Wild IQ Online for Teens (13yrs to 18yrs)

Our planet is our only refuge. Do you want to join these researchers in conserving it?

This green and turquoise gecko is thriving in the Andaman Islands.  How did it even make the journey of 6000km from Madagascar?

Ashwini VM will help us understand this.

Sea turtles are fascinating animals that spend most of their time in the waters. How can one know what they feed on, how they find mates, do they migrate, what kind of habitats they use?
Scientists use satellite transmitters to get a peek into their lives.

Ashwini Petchiappan will tell us all these and more about their long migrations in warm waters.

Ever heard of ‘Atlantification’? Researchers at ISA, the world’s northernmost time-series station, are studying this phenomenon. They are looking at the diversity and functions of microbial organisms- mainly protists in the Arctic concerning climate change.

Cheshtaa Chitkara will take us into this unique space and reveal the diversity of life that she has been observing and monitoring.

Snake venom is a mixture of toxins. Presently the anti-venom used for treating snake bites is polyvalent. It means the anti-venom is to treat bites for the Big Four snakes of India- Common Cobra, Krait, Russell’s Viper, and Saw-scaled Viper.

Senji Laxmi has explored the toxin diversity of snake venom of the Big Four. She will unravel why the present anti-venom acts poorly and what is the need of the hour.

Grey langurs or the Hanuman Langurs, are found from the Himalayas way down to South of India. Until 2001 they were all considered as a single species, but science has proved this wrong.

Kunal Arekar pursued the Himalayan population of hanuman langurs and has shown that these langurs are different from those found in the plains. Join him to learn how he came about to research and discover this.

Milky storks are endangered wading birds. Their cousins, Painted storks, are widespread. But cross-breeding of these in a zoo of which few escaped to the wild today threatens the Milky storks.

Pratibha will tell us what they are doing to save this species from extinction! 

Sharks paint a picture of fright and ferociousness. But as diverse as they are, there are even sharks as small as 11 inches. The sad plight of over-fishing sharks and rays is a reality we need to address immediately.

Trisha Gupta will take us on this journey and tell us how we can help.

You are responsible for climate change, deforestation, pollution, and drought as much as you are part of the fascinating natural world.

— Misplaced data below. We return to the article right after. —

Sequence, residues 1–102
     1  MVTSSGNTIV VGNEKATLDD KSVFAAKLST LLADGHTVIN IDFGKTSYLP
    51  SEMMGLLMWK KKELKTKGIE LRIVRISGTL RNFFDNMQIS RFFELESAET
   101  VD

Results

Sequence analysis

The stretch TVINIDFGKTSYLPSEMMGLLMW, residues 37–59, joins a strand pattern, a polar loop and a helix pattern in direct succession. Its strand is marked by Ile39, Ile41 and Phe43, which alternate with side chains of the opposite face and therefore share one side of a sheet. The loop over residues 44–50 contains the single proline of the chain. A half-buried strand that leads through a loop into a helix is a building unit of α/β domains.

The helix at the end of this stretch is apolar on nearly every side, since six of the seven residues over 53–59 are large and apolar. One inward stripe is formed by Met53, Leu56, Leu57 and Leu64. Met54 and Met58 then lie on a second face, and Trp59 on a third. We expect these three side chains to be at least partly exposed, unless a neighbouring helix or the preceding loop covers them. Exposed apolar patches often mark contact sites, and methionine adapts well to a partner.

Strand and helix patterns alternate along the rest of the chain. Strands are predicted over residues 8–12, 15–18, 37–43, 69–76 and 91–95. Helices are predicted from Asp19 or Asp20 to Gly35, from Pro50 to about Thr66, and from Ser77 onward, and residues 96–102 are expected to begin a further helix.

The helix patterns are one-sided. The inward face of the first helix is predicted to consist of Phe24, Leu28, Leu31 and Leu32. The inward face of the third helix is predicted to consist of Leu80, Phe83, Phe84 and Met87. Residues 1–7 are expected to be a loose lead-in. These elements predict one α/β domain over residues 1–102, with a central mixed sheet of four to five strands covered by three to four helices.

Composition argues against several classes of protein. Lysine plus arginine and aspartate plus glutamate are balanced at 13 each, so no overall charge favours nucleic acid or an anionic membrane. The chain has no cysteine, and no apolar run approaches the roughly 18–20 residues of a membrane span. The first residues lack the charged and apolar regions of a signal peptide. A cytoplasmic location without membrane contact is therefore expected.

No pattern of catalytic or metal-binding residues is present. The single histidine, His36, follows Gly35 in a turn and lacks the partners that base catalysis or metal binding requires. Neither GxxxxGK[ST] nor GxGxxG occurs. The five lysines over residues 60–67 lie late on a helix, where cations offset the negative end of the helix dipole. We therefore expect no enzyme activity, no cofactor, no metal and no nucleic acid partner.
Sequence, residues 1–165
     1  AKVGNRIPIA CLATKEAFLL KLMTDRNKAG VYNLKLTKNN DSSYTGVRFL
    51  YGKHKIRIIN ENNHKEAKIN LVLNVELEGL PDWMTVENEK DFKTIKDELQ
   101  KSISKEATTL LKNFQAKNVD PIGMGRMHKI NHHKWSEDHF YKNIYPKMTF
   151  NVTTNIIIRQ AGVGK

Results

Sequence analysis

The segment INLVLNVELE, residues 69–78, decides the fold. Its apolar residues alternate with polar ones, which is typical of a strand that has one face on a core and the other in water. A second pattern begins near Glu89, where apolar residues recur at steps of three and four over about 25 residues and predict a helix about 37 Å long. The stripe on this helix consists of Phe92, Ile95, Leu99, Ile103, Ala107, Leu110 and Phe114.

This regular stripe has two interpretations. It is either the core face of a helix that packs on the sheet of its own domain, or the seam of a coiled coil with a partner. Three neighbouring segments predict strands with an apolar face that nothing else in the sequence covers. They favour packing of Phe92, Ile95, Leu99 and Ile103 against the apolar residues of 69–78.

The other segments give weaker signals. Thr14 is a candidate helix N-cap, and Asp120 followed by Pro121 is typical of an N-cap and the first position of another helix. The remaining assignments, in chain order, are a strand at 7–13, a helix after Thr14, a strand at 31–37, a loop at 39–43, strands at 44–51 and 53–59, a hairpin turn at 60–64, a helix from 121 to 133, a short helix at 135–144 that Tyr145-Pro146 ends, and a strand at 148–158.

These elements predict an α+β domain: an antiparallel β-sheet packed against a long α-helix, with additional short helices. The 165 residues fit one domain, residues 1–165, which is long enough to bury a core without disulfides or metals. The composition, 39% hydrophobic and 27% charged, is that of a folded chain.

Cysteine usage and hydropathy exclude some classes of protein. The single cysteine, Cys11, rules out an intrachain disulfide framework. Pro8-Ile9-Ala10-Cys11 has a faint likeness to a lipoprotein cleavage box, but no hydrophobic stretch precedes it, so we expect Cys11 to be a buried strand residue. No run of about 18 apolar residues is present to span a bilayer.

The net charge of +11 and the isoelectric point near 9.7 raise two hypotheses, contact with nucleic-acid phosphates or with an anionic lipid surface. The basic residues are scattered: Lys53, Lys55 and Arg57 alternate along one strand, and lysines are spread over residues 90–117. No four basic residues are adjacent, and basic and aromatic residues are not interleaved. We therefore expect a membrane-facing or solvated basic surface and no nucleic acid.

Go beyond facts. Learn how science, technology and research are finding answers for saving our planet. Interact with these ecologists to learn how they combine field and lab work in their quest for answers.

Take that first step. Learn. 

Meet your researchers


PhD, TU Braunschweig, Germany

Her interests revolve around how and why species are distributed
where they are (biogeography), genetic diversity in island populations; how, when and what factors enable
species to diversify? (macroevolutionary patterns) and how do closely related species co-exist
without removing the other? (evolutionary ecology).


PHD Student, Oxford University

A marine conservationist studying shark and ray fisheries along the Indian coastline. She is interested in using interdisciplinary
approaches for the conservation of marine life while balancing the livelihood needs of coastal communities.


Research Scholar, CES, IISc

Interested in understanding how these Himalayan langurs are related to other langur species in India and
what environmental factors govern their distribution. He is also studying the role of the Himalayan river valleys
as potential barriers for gene flow among different populations of the Himalayan langur.


Consultant, Dakshin Foundation

A sea turtle researcher at Dakshin Foundation (an NGO), specialising in using remote sensing for ecology and the environment.
She works with the Evolutionary Ecology and Biogeography Lab at IISc Bengaluru.


PhD student, The University Centre in Svalbard (UNIS)

Cheshtaa wants to find out if the changing water mass or Atlantification (increase in the inflow of Atlantic water) will alter the species diversity and the networks in food webs of bigger species or is it just the harsh conditions of the Arctic that usually forces the organisms to adapt/change.


PhD Student, Evolutionary Venomics Lab, IISc

A snake venom biologist studying and understanding the characteristics of venom toxins and the intricacies of toxin evolution.


PhD student, National University of Singapore(NUS)

Pratibha used bioacoustics tools to describe a new species of Myzomela on Rote Island in Lesser Sunda Islands.  She is now using Next Generation Sequencing approaches to detect how gene flow affects species integrity
in Storks in Singapore.



8th to 12th grade kids 

(13 to 17 yrs).


17th to 23rd May 2021.

5 PM to 6 PM (IST)

ONLY 25 seats!


Rs. 1875/-